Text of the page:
[Vision2020] Some People Never Get it
moscowcares at moscow.com
Wed Sep 21 10:53:02 PDT 2011
The CAGW is soooooo right-wing that . . .
If CAGW were any more to the right they'd make Bachmann look liberal.
Courtesy of "Citizens Against Government Waste" at:
House and Senate Breakdown
In the House, Reps. Paul Broun (R-Ga.), Jeff Flake (R-Ariz.), Jeb Hensarling (R-Tex.), Cynthia Lummis (R-Wyo.), Mike Pence (R-Ind.), John Shadegg (R-Ariz.), and Lynn Westmoreland (R-Ga.) achieved “Taxpayer Super Hero” status with a grade of 100 percent. In 2008, Rep. Broun was the sole Taxpayer Super Hero and CCAGW applauds him for maintaining this perfect score two years in a row. There were 89 “Taxpayer Heroes” with a grade of 80 percent or above, 30 more than the 59 in 2008.
In 2009, unfortunately, there were an astonishing number of members, all Democrats, who took home a shameful zero percent score. In 2006, there were nine members with a zero rating; in 2007 there were only two; and in 2008 the number grew to a larger, yet still relatively small, 34. In 2009, however, a whopping 105 members, or 41 percent of the 256 House Democrats, scored a big fat zero. That list includes Speaker of the House Nancy Pelosi (D-Calif.), Majority Leader Steny Hoyer (D-Md.), Majority Whip James Clyburn (D-S.C.), and House Ways and Means Committee Chairman Sander Levin (D-Mich.). These members could not manage to support a single fiscally responsible measure out of the 120 House votes analyzed by CCAGW, including four votes to reduce discretionary spending in appropriations bills by a meager 5 percent, and a vote to cut $1 million for the Environmental Science Initiative at Drew University in Madison, N.J., which has an endowment of $171 million and charges $50,000 annually for tuition, room and board.
I'll leave it up to you fine V-peeps to google the records of Reps. Paul Broun (R-Ga.), Jeff Flake (R-Ariz.), Jeb Hensarling (R-Tex.), Cynthia Lummis (R-Wyo.), Mike Pence (R-Ind.), John Shadegg (R-Ariz.), and Lynn Westmoreland (R-Ga.). And these "works in progress" are considered "tax heroes" by the CAGW. Kinda speaks for itself, huh?
Seeya round town, Moscow.
On Sep 21, 2011, at 10:35, lfalen <lfalen at turbonet.com> wrote:
> This is the sort of things that Citizens Against Government Waste routinely point out.
> -----Original message-----
> From: "Art Deco" deco at moscow.com
> Date: Wed, 21 Sep 2011 08:54:29 -0700
> To: Vision2020 at moscow.com
> Subject: [Vision2020] Some People Never Get it
>> September 20, 2011
>> $16 Muffins, and Taxpayers Pick Up the Tab
>> By CHARLIE SAVAGE
>> WASHINGTON - The Justice Department on Tuesday came under criticism for "extravagant and potentially wasteful" spending on conferences at the end of the Bush administration and early in the Obama administration, including paying $16 per muffin and $8 per eight-ounce cup of coffee at certain events.
>> "Some conferences featured costly meals, refreshments, and themed breaks that we believe were indicative of wasteful or extravagant spending - especially when service charges, taxes, and indirect costs are factored into the actual price paid for food and beverages," said a newly released report by the department's acting inspector general, Cynthia Schnedar.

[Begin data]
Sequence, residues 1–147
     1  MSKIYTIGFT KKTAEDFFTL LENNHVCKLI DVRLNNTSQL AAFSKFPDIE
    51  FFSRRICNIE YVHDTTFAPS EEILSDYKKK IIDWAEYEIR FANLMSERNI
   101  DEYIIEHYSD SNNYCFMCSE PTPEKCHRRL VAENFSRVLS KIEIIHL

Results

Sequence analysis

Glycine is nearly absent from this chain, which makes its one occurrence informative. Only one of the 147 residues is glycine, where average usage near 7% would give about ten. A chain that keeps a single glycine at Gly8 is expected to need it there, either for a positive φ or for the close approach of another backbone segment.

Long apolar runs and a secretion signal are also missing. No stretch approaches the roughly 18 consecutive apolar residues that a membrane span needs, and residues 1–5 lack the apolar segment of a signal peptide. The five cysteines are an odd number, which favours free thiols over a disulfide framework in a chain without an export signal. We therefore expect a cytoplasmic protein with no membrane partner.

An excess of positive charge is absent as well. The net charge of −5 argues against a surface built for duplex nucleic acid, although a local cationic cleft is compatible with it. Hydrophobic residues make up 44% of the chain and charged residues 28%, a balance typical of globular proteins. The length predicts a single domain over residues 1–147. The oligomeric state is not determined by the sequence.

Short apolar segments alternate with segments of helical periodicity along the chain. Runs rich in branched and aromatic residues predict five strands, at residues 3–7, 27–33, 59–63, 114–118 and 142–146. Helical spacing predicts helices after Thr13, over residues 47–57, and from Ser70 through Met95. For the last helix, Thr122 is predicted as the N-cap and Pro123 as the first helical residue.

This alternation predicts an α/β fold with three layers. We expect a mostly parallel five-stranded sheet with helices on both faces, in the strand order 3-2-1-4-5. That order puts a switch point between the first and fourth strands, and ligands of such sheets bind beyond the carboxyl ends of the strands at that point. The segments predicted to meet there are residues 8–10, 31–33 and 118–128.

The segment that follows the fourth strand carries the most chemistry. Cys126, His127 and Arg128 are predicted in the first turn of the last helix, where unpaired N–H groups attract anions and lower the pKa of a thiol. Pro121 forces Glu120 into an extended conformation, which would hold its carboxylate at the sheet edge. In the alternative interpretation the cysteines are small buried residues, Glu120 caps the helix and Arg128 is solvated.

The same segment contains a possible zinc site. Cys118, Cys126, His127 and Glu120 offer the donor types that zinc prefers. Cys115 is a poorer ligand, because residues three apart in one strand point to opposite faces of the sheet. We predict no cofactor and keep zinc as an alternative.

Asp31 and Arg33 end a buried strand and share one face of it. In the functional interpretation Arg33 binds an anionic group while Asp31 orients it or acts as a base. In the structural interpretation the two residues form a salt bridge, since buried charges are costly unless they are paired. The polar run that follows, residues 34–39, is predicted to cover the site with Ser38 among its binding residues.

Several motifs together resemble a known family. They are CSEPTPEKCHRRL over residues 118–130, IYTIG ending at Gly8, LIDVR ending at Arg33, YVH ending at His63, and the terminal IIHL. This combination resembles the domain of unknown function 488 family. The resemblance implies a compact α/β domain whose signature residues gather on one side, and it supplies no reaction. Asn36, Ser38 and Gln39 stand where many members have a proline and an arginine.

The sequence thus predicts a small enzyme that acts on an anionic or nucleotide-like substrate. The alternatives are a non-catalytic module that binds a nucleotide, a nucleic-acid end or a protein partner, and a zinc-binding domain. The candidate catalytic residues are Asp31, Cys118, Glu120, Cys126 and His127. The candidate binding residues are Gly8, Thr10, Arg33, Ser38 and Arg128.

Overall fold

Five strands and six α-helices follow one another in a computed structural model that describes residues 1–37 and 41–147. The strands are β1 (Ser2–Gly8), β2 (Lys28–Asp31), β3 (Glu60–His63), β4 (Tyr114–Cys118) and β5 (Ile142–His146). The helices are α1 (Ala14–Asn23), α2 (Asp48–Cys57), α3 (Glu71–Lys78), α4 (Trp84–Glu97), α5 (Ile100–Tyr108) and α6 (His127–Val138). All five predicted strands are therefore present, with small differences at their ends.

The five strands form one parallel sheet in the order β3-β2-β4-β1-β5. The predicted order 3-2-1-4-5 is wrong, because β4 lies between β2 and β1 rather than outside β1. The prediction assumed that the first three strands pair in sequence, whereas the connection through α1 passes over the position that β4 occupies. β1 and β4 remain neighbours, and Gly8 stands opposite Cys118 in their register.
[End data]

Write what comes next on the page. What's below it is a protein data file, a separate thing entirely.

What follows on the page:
>> The report scrutinized spending at a sampling of conferences from October 2007 to September 2009, focusing on eye-popping calculations of food and beverage expenses. For example, at a four-day conference in November 2007 at the Grand Hyatt in Denver on the "Amber Alert" system for searching for missing children, taxpayers ended up paying $5.57 for each of 1,334 cans of soda.
>> A five-day conference in August 2009 at the Capital Hilton in Washington to train immigration lawyers saved money by serving only snacks. But it still cost $4,200 for 250 muffins and $2,880 for 300 cookies and brownies, more than $16 a muffin and nearly $10 per cookie and brownie.
>> The department said that it had brought such spending under better control in the 2010 and 2011 fiscal years, which were outside the scope of the audit.
>> Moreover, the department told auditors that some food costs were exaggerated because of the way deals with the hotels were often structured: the hotels provided "free" meeting space in exchange for an agreement to use their pricey food and beverage services.
>> Planners often did no cost-benefit analysis to determine whether it would have been thriftier to pay for the meeting space directly and obtain cheaper catering, the report said. But it noted that the conferences often ended up spending tens of thousands more on food and beverage than the minimum necessary to secure the "free" meeting rooms.
>> Over all during the 2008-9 fiscal years, the department spent $121 million to host or participate in 1,832 conferences. The report focused on 10 of those conferences that cost $4.4 million, and questioned $134,432 in spending.
>> The report also criticized as "unreasonable" certain travel by planners. For example, a consultant in Anchorage was hired to help put on a 2008 Indian Nations conference in California. The consultant billed $3,454 to make the 2,400-mile trip three times.
>> While the department largely agreed with the report's findings and recommendations, it said it had been reasonable to hire the Alaskan consultant, who had special expertise in a variety of matters like Alaskan tribal culture and federal grant procedures.
>> The inspector general previously criticized similar overspending in a 2007 audit. Department supervisors in 2008 and 2009 issued rules and memorandums to limit such costs. But the report found that several conferences put on afterward had nevertheless exceeded such limits.
>> Wayne A. Fox
>> wayne.a.fox at gmail.com
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